“What’s that strange smell?”
“Yuck! What stinks?”
“Oh, no! Mom’s doing tomato seeds again.”
These are comments often heard at our house in August and September. The unusual odor wafting from the kitchen indicates that it’s tomato-seed-saving season.
Most seeds are easy to save. They only need to be cleaned and dried. But saving tomato seeds involves an extra step: fermentation. It may seem complicated at first, but it’s actually quite easy (and not really as disgusting as it sounds).
The first step in saving any kind of seed is to make sure that it comes from an open-pollinated plant. In other words, you can’t save seeds from hybrid vegetables or flowers because their offspring won’t be true to type. Since most of the tomato plants sold at nurseries are hybrids, you’ll have to seek out open-pollinated varieties (also called “heirloom” varieties). All of the seeds sold on this website are open-pollinated.
Even though tomatoes are mostly self-pollinated, the plants that you intend to save seeds from should be isolated by a distance of about six feet from other tomato varieties. This will reduce the chances of accidental cross-pollination. I like to plant other crops like basil, cucumbers, zucchini, or annual flowers between my groups of tomatoes to distract the bees and reduce the risk of cross-pollination.
Choose several fully ripe tomatoes for seed saving. Ideally, the tomatoes should be taken from 3-4 different plants of the same variety in order to maintain the slight genetic diversity found within a single variety.
Slice the tomatoes into quarters, then squeeze out the seeds and juice, or run your thumb along the insides of the pockets of seeds to dislodge them. The seeds and juice will go into a plastic cup, and the leftover tomato flesh can be chopped up for salsa. So there’s no waste.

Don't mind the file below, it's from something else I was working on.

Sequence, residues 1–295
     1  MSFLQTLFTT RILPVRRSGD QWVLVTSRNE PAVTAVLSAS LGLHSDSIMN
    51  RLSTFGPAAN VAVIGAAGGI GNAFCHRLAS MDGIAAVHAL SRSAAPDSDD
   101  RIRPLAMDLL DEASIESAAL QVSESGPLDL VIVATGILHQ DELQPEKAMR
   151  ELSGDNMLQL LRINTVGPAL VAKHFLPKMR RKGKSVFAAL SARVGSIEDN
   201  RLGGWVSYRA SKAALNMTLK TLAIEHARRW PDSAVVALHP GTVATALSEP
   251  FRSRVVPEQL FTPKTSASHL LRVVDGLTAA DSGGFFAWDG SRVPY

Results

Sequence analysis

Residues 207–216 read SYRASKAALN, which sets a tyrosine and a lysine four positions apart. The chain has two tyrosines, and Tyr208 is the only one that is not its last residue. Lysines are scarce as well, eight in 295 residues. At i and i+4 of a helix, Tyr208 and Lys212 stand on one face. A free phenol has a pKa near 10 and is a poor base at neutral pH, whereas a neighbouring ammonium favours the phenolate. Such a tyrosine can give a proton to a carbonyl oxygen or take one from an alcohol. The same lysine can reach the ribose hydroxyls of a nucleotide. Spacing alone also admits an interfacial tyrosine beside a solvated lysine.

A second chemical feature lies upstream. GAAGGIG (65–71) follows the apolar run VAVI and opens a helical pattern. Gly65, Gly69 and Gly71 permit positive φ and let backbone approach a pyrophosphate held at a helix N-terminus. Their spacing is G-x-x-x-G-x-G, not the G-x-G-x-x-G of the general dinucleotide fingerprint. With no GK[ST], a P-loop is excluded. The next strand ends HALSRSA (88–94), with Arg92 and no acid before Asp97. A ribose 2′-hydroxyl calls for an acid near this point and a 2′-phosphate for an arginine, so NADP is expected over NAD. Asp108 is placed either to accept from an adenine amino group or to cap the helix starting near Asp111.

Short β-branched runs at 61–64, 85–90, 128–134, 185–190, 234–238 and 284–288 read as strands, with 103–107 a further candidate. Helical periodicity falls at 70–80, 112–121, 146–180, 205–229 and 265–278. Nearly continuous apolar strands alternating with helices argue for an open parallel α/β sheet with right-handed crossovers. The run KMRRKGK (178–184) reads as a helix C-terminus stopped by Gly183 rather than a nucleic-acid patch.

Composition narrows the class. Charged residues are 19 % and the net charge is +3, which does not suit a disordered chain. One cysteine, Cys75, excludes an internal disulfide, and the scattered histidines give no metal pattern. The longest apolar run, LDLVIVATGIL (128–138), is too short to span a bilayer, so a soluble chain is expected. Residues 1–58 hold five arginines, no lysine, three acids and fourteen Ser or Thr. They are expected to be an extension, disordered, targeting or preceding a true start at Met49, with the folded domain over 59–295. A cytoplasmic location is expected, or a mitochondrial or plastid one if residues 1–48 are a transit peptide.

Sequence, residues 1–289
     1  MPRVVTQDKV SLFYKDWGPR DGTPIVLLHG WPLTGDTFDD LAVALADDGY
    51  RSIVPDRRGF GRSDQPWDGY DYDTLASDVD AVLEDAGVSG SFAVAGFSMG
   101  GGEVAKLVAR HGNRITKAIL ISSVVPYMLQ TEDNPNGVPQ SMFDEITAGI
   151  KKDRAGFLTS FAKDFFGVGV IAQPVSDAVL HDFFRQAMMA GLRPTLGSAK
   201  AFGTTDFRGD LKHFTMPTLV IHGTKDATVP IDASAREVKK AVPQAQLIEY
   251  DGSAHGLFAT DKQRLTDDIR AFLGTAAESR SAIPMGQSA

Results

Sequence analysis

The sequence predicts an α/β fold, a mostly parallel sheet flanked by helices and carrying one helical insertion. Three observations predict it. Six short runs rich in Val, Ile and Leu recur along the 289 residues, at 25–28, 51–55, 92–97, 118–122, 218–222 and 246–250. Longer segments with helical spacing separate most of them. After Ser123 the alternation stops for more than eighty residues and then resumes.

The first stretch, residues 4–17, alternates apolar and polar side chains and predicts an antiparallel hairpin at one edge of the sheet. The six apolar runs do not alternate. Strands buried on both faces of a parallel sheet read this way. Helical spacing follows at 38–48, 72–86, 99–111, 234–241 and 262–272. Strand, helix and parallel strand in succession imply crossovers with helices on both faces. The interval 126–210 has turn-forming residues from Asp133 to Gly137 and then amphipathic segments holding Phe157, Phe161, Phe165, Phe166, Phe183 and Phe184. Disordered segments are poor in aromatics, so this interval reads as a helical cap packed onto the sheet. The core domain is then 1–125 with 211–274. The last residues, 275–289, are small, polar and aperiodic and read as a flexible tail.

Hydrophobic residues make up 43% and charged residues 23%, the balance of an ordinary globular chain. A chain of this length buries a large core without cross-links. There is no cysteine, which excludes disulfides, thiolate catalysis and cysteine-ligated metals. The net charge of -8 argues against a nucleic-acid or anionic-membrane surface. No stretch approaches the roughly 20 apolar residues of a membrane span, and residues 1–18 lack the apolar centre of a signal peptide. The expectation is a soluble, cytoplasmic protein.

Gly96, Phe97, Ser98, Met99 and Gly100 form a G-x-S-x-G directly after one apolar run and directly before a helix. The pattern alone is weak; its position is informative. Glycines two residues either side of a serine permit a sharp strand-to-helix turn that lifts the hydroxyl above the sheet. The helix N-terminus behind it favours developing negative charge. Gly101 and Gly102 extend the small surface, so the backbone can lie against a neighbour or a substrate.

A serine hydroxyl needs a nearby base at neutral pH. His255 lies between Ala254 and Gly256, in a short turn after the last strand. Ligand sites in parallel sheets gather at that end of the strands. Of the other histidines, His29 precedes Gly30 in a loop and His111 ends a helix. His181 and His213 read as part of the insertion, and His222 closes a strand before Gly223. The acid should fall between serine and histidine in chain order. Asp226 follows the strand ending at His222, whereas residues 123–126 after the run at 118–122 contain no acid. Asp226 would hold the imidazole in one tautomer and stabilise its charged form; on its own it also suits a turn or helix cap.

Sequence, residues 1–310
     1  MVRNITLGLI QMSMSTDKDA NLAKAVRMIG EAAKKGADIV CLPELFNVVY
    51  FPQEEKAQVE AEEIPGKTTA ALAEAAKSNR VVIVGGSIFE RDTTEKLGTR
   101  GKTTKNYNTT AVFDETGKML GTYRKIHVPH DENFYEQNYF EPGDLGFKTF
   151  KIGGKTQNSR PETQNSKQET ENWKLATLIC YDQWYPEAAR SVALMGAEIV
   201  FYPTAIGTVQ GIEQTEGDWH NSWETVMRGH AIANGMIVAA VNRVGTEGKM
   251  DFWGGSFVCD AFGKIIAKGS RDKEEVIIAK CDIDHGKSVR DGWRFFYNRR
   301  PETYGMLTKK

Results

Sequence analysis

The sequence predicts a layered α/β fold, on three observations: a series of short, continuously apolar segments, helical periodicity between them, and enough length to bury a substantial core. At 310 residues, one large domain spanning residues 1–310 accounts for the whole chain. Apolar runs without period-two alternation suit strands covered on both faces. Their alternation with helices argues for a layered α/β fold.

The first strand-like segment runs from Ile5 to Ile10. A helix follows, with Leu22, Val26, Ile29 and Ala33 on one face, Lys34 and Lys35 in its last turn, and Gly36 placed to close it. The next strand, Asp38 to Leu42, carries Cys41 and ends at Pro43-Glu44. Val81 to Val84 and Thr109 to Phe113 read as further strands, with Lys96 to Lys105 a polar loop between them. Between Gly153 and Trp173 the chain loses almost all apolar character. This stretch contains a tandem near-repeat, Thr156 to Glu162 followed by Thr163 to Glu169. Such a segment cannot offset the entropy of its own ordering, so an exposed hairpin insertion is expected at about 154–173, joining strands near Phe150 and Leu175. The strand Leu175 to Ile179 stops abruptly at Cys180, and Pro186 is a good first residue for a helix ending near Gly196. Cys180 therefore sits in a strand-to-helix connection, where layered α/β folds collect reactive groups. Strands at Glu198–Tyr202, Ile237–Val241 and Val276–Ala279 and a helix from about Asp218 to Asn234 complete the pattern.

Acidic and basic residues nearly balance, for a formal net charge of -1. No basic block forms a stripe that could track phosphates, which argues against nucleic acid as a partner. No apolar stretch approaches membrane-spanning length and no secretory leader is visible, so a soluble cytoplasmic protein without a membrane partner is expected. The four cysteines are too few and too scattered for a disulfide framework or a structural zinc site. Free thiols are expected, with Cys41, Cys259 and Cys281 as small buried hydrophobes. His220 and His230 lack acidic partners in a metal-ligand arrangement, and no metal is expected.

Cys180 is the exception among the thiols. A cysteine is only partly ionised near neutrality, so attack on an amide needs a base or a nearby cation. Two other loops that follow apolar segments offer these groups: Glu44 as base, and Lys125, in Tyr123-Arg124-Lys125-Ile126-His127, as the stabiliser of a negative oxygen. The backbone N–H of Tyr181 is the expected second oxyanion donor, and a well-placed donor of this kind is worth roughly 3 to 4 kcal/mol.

Label the cup with the name of the variety. I use a piece of paper stuck on with scotch tape. This label can be transferred to the drying plate later in the process. Set the cup on the kitchen countertop or outside in the garage. It typically takes 4-5 days for the seeds to ferment and separate from their gel capsules. This fermentation process not only gives you nice clean seeds, but it also kills any disease-causing microbes that might otherwise infect the next generation of tomato plants. And it improves the germination rate of the seeds.
It’s normal for a harmless, white mold to develop on the surface of the tomato liquid. You’ll know when the seeds are done fermenting when they separate and sink to the bottom of the cup when it's stirred. If you can’t tell, add some water to the cup and stir again. If the seeds are stuck in their gel capsules, they need to ferment longer.
When the fermentation time is up, add water to almost fill the cup. Stir for several seconds, then allow the good seeds to sink (bad seeds will float). Pour off most of the liquid, add more water, and stir again. Continue this process until the seeds are free of all debris. Then pour off all the water, using your fingers to block the seeds from falling out of the cup.
Spread the wet seeds on a paper plate (to absorb moisture) or on a piece of window screen material laid over the top of a regular plate. Spread the seeds around as evenly as possible so they’ll dry out. After the first 24 hours, separate the ones that are stuck together.
Air dry the seeds for 2-3 weeks, or until a seed broken in half with your fingers makes a faint snapping noise. Seeds that bend instead of snap need to be dried longer. Store seeds in an airtight container in a cool, dark, dry place like a basement closet or the refrigerator. Properly stored seed should remain viable for about 5 years.
To me, saving seeds is as much a part of gardening as planting, growing and harvesting. And although my children are not thrilled by the smell of fermenting tomatoes, they can’t help being fascinated by the process of fermentation and the life cycle of plants.